Piety of Gurmat Sangeet Soars in Kirtan by Acclaimed Raagis


Gurdwara resident raagi Bhai Bhupinder Singh Paras (on harmonium) with his group.

By Jawahar Malhotra

HOUSTON: It was religious music with a tempo, based on the taals or scales of Indian classical raags. If you didn’t understand the words you would still be entranced as the range of the voices carried you away from the highs and lows of devotional hymns. The maestro who had perfected his style of reciting the Punjabi hymns taken straight from the Guru Granth Sahib controlled his pitch and delivery so that you had no choice but to be captivated.
“Sajanarraa maeraa sajanarraa mkatt; khaloeiarraa maeraa saajanarraa”. It was Sunday just before noon and he played on that verse over and over in several taals to where it was plain music. “Friend, my friend – standing so near to me is my friend”. The screen above the stage projected the words.


Acclaimed visiting raagi Dr. Gurnam Singh (second from right) with Manpreet Singh from New Jersey on second harmonium, Raghubir Singh from New Jersey on three tablas and Gurpreet Singh from Los Angeles on the stringed dillruba

For three days this past week, Friday August 19 through Sunday afternoon, August 21, Dr. Gurnam Singh and Bhai Nirmal Singh, both with their own group of musicians, brought the piety of the words of the Granth Sahib – the Gurmat Sangeet or Shabad Kirtan – to packed halls of the devout at the Gurdwara Sahib of Southwest Houston. Participating in the Gurmat Sangeet Sammelan was resident raagi Bhai Bhupinder Singh Paras, who regularly captivates the congregation with his voice.

It was the second straight year that the trio participated in the Gurmat Sangeet Sammelan held at the Gurdwara. Gurnam Singh sang as he played the harmonium, with Manpreet Singh from New Jersey on second harmonium, Raghubir Singh from New Jersey on three tablas and Gurpreet Singh from Los Angeles on the stringed dillruba. The four sat in saffron turbans and performed traditional kirtan according to the parampara set by the Sikh Gurus. The equally accomplished Nirmal Singh performed with own group and the three maestros alternated throughout the three days of kirtans.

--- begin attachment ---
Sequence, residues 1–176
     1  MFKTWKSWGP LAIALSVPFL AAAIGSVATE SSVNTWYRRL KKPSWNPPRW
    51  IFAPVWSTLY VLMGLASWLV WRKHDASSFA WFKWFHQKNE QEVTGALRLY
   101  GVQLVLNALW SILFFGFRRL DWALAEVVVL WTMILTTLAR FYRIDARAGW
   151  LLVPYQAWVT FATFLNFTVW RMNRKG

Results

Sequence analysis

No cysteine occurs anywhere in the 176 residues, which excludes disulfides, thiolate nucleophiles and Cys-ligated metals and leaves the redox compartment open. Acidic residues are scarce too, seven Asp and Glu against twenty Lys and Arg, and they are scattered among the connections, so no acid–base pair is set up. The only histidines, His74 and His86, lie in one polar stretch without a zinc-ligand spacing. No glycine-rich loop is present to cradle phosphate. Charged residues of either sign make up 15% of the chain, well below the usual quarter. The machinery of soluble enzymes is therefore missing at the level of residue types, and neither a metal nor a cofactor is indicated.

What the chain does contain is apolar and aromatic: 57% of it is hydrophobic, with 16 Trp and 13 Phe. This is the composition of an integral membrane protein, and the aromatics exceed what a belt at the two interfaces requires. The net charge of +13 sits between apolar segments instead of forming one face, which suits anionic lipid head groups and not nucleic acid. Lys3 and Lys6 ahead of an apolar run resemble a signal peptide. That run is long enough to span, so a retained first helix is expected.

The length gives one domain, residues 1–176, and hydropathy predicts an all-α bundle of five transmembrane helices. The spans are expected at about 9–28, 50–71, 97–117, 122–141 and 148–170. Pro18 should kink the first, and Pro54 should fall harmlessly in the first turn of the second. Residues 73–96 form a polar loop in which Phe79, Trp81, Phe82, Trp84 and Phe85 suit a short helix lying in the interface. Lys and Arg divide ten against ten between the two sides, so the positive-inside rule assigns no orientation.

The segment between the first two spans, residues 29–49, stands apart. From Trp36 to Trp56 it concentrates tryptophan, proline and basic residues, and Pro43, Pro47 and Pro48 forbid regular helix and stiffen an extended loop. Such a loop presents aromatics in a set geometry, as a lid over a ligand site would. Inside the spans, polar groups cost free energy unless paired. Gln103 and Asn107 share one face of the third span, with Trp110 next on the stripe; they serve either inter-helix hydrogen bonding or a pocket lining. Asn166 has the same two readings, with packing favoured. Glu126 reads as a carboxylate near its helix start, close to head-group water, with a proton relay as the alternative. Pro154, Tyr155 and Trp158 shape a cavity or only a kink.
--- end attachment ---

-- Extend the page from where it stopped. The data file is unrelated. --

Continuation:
Dr. Gurnam Singh is Chairman of the Gurmat Sangeet Department of Punjabi University at Patiala, Punjab. He is a practicing Raagi of utmost caliber and has authored 18 books, 123 research papers, and 250 articles on Gurmat Sangeet and several masters and doctoral students are studying under him. He has also made a historical solo recording of 31 Gurbani Raagas for HMV. Bhai Nirmal Singh Khalsa has captivated Sikh sangats all over the world and is the Hazoori raagi of Sri Harimandar Sahib (The Golden Temple), Amritsar where he has performed kirtan for the last 30 years.

Shabad Kirtan began in the 16th century as the musical expression of mystical poetry conceived by the founder of Sikhism, Guru Nanak. He initiated the tradition of communicating the spiritual message through his utterances, acting as humanity’s channel to the divine. AHHHll the other Sikh gurus sang in the ten prevalent classical and folk music styles, accompanied by stringed and percussion instruments and they specified the raaga in which each hymn was sung.


The devoted came to listen and be mesmerized by the performances while the shabads were displayed on a screen above.

Thirty one main raagas and thirty one variants were named in the Sikh music tradition. These raagas have a direct relationship to human moods and feelings at different times of the day and seasons. Over the centuries, Sikh musicians developed into three types: rabais, raagis and dhadhis.

The program was organized by Jasbir Singh, Vice-Chairman, Board of Trustees and assisted by Harcharan Singh of the Sri Hemkunt Foundation, both of whom spoke briefly, giving introductions to the artists. And the sangat which came to the packed performances over three days were not disappointed by the power of the devotional sangeet.

Click Below for a short video of Dr. Gurnam Singh performing at the Southwest Gurdwara